Shiny iron roofs dot a massive lowland in the southwest of Eastern Province. A short distance away from Bugesera district offices, in Mayange Sector, a young lady rides her mother on a bicycle to shop for breakfast.
She is headed to Mbyo, a small trading centre on the main road to Nemba border with Burundi.
Mbyo, like all parts of the present-day Bugesera district, is one of those places where the Genocide against the Tutsi happened on a large scale, because it was a large concentration of the Tutsi population in the period before the Genocide.
There is something more peculiar about the place though; this is one of the few places where genocide perpetrators and survivors, murderers and victims live in one "Reconciliation Village."
On Wednesday, November 27, a local organisation working with Rwanda Correction Service (RCS) held a meeting at which perpetrators who are currently in prison met survivors whose loved ones they killed, to seek forgiveness.
All attentive, the crowds in their hundreds gathered at this centre to hear stories from unhandcuffed Genocide convicts, all men, all in the orange uniform that is worn by convicts under the country's correctional system.
One could hear murmurs vanishing in thin air when a stout man in a white taqiya (Muslim cap), in his late 40s, stepped out of the line of other convicts, to narrate his atrocities and seek forgiveness.
The man is called Ayub Ngayaberura, and starts his testimony by saying that the Genocide did not start in 1994 as it is widely believed.
He remains stoic and with a straight face, he recalls "a death that no one or nothing deserves" he committed in 1992.
A man identified as Rukara was a neighbour to then youthful Ngayaberura. Particularly, he was the father of Ngayaberura's classmate, Louise, and who was a father figure to him, who always gave him yellow bananas.
As Ngayaberura narrated, two of Rukara's children - Louise Uwamungu and her brother, George Karega - stand next to him.
Uwamungu, who is expecting, is in her 30s. She stood stoutly but you could see the sorrow in her tired, wet eyes and looked at the ground for most of the time.
But she took a swift step forward when she realized that her father's killer was avoiding some details by saying "We killed him really badly with bludgeons."
She sank the audience in melancholy when she revealed that her father did not die to the hittings of bludgeons.
"When they left, my father regained consciousness," recalled Uwamungu. "They all came back late, put a rope around his neck and dragged him across town asking people that; 'Pay us so we can rid you of this garbage."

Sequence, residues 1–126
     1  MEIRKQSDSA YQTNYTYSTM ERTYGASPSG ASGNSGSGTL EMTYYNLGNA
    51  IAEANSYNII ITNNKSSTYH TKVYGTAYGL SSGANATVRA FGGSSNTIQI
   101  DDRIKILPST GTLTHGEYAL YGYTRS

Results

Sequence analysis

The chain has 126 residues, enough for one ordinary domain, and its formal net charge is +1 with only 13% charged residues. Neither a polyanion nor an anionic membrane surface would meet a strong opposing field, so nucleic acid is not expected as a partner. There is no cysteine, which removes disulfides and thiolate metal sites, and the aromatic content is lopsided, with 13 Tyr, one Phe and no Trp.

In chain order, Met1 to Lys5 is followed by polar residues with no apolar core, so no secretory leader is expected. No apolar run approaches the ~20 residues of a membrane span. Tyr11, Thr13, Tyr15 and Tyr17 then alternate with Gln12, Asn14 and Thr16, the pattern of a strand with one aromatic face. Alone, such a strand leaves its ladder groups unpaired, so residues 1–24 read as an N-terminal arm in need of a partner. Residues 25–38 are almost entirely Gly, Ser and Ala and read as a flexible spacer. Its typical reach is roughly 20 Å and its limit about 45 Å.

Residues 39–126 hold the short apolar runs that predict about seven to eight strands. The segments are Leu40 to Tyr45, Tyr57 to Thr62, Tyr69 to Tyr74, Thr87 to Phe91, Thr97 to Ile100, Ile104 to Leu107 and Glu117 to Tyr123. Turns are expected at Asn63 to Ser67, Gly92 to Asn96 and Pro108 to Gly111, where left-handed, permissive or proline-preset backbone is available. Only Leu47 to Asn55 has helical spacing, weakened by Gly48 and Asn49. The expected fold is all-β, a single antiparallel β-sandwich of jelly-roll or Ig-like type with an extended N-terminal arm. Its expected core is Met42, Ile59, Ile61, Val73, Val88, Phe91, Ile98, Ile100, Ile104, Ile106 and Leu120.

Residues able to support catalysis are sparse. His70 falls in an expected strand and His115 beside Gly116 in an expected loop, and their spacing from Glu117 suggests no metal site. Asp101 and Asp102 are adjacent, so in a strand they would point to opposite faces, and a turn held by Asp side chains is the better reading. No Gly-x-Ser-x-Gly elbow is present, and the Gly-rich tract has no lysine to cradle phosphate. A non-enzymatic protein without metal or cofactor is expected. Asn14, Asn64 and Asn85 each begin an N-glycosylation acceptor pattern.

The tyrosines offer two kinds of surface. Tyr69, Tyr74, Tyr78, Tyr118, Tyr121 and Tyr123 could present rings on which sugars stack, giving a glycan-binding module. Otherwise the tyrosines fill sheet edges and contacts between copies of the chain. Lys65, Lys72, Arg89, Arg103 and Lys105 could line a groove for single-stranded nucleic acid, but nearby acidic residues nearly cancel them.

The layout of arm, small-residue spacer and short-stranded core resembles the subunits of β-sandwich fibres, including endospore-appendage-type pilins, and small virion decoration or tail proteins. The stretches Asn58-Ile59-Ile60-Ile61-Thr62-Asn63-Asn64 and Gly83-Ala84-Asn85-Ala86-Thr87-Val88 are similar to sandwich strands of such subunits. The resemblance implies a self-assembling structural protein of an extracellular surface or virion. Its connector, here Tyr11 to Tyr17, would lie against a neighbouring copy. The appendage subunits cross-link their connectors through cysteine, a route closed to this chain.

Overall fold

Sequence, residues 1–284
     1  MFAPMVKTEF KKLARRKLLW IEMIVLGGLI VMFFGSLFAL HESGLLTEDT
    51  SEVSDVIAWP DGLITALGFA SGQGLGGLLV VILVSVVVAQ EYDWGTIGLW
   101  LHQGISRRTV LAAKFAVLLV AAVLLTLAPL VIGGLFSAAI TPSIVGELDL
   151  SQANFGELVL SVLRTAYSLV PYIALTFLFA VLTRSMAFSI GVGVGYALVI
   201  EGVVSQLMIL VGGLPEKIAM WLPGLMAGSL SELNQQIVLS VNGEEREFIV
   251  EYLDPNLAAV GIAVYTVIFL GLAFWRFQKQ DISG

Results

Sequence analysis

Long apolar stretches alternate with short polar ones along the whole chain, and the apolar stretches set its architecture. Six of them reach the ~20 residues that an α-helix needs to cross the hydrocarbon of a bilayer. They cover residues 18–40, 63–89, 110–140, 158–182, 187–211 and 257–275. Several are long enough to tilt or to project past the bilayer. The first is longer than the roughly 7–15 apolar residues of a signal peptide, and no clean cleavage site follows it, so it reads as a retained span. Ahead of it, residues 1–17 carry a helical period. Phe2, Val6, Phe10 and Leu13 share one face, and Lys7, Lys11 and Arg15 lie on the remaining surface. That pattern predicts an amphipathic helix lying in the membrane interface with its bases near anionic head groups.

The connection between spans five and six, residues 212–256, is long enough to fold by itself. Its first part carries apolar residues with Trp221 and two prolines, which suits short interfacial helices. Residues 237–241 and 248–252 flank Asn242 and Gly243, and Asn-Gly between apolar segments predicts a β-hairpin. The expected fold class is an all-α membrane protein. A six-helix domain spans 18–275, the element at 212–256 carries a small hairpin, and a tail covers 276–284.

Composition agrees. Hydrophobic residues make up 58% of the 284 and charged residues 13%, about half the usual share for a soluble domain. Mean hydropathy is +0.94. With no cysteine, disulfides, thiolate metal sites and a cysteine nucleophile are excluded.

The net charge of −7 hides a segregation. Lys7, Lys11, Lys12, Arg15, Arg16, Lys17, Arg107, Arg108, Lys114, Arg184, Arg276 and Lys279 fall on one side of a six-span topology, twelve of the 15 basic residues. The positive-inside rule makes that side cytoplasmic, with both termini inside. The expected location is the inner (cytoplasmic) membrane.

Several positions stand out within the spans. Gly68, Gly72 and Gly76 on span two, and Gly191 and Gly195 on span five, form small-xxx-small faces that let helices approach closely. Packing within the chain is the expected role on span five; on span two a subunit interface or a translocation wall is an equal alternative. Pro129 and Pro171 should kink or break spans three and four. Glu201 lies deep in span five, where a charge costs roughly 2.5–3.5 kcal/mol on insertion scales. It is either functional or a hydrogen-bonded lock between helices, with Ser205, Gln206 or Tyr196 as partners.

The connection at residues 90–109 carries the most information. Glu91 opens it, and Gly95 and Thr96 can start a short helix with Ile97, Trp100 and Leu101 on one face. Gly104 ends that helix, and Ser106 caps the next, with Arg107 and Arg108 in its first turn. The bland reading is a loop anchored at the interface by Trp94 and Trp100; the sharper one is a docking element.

They eventually threw him in a pit latrine.
"Would you forgive me," Ngayaberura then prayed for three times, "I would be glad and my heart would be free. Forgive me, forgive me, forgive me."
In front of the frozen public, Uwamungu said she had forgiven her father's killer mainly because he had previously taken the step to show them the pit latrine where the remains of her father were.
The confession and apologizing platform brings together perpetrators, their families and survivors whose loved ones they killed.
However, much as it was all good between Ngayaberura and the two siblings whose father he had killed hugged, it was not entirely over.
Following the grueling account, Florence Mukandayisaba, the 27-year-old sister to Ngayaberura fell on her knees before the two siblings to recount her own story.
"For many years, I brought him [Ngayaberura, her brother] food in prison ignorant of his deeds. He had refused to tell me."
Mukandayisaba never felt the unseen burden she carried whenever she would pass by Uwamungu who is her neighbour.
"When my brother finally told me the truth, I could feel stains of blood all over myself, I was so ashamed."
Ngayaberura is one of the 150 Genocide convicts who willfully choose to confess their crimes and seek forgiveness from their victims' families, as part of the journey towards unity and reconciliation.
As part of the effort to foster reconciliation and cohesion among perpetrators and survivors of the Genocide, government through partners like Prison Fellowship International has set programs such as reconciliation villages intended to resolidify families from both sides of history.
In those villages, both perpetrators' and victims' families live and work together through cooperatives. Prison Fellowship has established eight such communities and brought together 150 pairs of such families.
To the executive secretary of the National Unity and Reconciliation Commission, Fidele Ndayisaba, "confessions are key both for reconciliation and locating victims' remains" that are still scattered all over the country so that they get a decent burial.